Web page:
ideas about how climate change is impacting the industry. Since the trade publication
is read by people in the business you could develop an interesting article with
expert opinion woven into the text. You could take that same theme and use one
part of the article in a piece for a consumer publication. For instance, a celebrity
loves her garden and you write something about her engagement with it and her concern
that climate change will severely impact the industry.
It's been told to me from one who knows that the best way
to develop a marketing strategy is to go to a writer's
conference and connect with a published writer. Try to
corner a writer whose career path is like the one you
want to travel on. Even a few tips will be invaluable. You want to find out how he
or she approached the market when first starting out. Different writers will have
Of course, the digital world can reverse the relation between market and writer.
Editors use social communities like Linked-In to find freelance writers.
They also go to writer blogs or websites and check up on the talent.
I will offer one tip I've learned from Sunoasis.com. Buy
keywords from Google or Overture and drive traffic to a page
that has your writings or resume/clips on it. Make sure those
keywords are going to attract the people you want seeing your
If you have a book use Google Print. I haven't tried it but
I have used their AdWords with some success.
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Marketing is the most demanding thing a writer is expected
to do. It's even difficult to write about. No matter how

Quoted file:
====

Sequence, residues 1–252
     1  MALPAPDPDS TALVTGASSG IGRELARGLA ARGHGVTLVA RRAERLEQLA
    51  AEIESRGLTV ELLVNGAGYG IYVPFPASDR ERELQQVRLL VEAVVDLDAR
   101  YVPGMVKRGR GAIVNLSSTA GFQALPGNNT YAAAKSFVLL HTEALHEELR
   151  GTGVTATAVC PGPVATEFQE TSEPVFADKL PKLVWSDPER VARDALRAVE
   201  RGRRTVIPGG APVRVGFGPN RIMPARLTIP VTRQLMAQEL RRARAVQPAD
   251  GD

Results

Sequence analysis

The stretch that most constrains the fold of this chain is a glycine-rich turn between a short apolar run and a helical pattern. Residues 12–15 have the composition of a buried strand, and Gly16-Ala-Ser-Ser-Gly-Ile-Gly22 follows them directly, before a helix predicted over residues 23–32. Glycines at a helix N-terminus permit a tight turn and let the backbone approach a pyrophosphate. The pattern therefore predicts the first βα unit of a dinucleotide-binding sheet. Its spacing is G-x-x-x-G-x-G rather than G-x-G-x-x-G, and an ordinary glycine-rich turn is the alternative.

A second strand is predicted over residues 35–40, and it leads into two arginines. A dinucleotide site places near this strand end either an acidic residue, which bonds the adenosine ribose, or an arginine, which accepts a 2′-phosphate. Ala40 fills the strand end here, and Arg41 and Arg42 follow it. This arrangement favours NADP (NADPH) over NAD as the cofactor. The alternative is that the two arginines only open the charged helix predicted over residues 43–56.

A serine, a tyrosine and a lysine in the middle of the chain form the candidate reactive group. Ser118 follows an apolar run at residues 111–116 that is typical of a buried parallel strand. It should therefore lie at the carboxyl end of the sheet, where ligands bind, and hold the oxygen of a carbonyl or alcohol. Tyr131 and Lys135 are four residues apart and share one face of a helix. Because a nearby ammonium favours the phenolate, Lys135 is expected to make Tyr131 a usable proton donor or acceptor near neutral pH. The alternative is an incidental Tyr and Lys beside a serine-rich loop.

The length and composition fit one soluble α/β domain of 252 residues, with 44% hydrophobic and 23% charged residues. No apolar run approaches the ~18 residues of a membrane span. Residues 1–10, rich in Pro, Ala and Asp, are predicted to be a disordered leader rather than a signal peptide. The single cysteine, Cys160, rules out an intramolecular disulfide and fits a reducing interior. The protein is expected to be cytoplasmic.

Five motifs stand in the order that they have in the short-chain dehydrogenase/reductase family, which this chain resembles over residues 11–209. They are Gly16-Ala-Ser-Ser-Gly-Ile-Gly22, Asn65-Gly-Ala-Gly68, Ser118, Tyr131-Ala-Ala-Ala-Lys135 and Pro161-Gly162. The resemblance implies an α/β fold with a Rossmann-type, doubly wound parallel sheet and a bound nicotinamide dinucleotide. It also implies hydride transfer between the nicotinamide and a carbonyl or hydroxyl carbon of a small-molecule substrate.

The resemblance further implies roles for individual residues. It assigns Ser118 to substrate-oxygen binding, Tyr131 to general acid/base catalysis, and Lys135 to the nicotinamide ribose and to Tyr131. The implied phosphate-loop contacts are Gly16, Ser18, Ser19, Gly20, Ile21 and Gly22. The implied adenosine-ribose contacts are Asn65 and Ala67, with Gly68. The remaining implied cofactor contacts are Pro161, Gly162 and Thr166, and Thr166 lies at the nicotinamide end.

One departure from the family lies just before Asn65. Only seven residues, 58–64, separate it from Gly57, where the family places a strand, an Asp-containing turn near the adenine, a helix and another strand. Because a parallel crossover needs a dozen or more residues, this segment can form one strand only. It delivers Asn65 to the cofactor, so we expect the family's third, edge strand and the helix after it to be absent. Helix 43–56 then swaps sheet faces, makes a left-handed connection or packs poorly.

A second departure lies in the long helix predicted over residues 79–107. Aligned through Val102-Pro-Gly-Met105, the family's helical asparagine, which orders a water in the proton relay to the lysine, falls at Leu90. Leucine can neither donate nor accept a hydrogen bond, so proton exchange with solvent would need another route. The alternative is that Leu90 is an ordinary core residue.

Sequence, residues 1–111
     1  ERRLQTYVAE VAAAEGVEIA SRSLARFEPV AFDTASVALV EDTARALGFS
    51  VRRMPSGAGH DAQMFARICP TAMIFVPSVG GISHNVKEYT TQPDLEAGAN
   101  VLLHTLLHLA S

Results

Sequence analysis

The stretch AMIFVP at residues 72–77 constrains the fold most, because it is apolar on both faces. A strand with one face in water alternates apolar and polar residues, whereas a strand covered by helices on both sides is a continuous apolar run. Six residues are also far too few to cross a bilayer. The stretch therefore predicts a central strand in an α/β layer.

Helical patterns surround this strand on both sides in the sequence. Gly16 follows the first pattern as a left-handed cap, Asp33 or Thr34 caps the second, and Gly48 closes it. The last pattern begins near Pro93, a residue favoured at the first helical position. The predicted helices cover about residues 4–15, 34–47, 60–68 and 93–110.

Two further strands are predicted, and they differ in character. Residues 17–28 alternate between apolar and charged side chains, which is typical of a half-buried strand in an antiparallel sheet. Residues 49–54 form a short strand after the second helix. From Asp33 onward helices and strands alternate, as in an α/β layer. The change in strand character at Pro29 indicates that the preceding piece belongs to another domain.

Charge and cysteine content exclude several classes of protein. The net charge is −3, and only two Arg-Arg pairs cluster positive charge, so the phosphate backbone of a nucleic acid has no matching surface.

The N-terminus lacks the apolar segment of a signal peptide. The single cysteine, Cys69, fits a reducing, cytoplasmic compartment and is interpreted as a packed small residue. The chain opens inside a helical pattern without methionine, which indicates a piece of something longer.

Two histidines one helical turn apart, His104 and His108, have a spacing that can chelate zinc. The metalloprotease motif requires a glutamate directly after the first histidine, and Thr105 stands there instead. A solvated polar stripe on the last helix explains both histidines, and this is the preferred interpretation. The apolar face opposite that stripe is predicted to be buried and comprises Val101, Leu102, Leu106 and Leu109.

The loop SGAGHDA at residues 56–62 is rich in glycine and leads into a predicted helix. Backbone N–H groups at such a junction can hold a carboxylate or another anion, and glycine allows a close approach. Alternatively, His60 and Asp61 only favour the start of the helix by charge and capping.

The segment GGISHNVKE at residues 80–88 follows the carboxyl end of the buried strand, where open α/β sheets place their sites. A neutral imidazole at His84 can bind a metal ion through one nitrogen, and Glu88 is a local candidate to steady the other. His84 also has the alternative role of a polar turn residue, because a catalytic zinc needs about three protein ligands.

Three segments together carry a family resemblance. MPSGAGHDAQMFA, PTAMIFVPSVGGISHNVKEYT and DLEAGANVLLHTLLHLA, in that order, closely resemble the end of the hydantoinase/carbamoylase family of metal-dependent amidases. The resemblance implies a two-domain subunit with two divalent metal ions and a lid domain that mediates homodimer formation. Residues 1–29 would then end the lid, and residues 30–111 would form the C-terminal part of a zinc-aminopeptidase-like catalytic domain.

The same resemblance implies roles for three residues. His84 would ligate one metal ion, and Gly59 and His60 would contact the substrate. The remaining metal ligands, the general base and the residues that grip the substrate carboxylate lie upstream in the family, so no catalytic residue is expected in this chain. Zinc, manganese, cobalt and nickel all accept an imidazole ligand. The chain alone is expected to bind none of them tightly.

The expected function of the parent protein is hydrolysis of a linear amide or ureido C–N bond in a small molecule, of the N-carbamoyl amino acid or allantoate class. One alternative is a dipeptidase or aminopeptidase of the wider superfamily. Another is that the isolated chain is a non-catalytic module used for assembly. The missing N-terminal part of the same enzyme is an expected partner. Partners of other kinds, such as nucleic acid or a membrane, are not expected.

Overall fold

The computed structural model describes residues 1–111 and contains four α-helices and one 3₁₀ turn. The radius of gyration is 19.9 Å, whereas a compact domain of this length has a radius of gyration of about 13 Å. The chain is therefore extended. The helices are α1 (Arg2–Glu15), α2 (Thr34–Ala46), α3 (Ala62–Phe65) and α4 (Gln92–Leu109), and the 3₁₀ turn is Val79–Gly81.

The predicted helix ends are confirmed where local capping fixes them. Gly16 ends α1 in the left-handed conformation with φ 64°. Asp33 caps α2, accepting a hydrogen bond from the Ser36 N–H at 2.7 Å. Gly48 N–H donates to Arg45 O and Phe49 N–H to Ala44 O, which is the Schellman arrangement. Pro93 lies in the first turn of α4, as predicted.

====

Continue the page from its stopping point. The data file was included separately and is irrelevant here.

much one studies it or tries it he is flattened by a steel wall.
"I don't want my energy going there!" This is the cry of the
writer reeling back from the impact. After all, if the writing is good and
helpful shouldn't it simply be sucked up into the vast bowels of the
publishing world? With, of course, a nice check mailed to you or wired into
Every writer I know wants to simply hand the writing in
like an assignment and have others do it up. And do it up
just right so it gains fame and prestige.
If you are hired on the staff of
a magazine you have already marketed yourself to the editor
and he's bought your talents. But those talents belong to
the magazine. If you want to own your talents then you
need to learn to market.
You could almost say that you own your talents
the moment you learn to take responsibility for them.
* * * * *
Marketing is a hard nut to crack but crack it once and
it begins to make sense. Whenever I get a question from
someone in college asking about writing careers I always tell
them, spend your precious time learning about the marketplace
and how to manuever in it.
A Few Tips On Book Marketing:
One of the best things you can do is compile lists of
publications, on or off-line, that review books.
Alice Orr suggests making "faux galleys" of your book,
since the real galley's are too expensive to use. "Make
your own by setting up two reduced manuscript pages on long,
legal-sized paper." She also recommends sending an SASE
with the faux galley and be persistent.
Another excellent idea is to write for those publications
always hungry for easy copy, such as weekly newspapers.
Write an article on the subject of your book with a few
salient tips and send it off.
Find catalogs that sell books or products fit to your
subject matter and get their submission guidelines.
Much of what is known as POD publishing can be looked at as
marketing. The internet is quite good at finding an audience
or ascertaining if an audience exists at all. And have a
good deal of patience while looking for an audience. A cheaply
produced print-on-demand book can be used to show publishers
your talents. It can be used to get speaking engagements.
An old journalism professor of mine wrote a book and was
featured on a talk radio program. He was told by the host to mention the
book by name rather than as "the book," or "my book."
Radio audiences tune-in and tune-out at intervals.
He had a poor impression of talk radio. "A lot of nuts
But then, even the nuts will buy books.
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Written by David Eide, Sunoasis.com
If you have any questions about careers in freelance writing
don't hesitate to ask!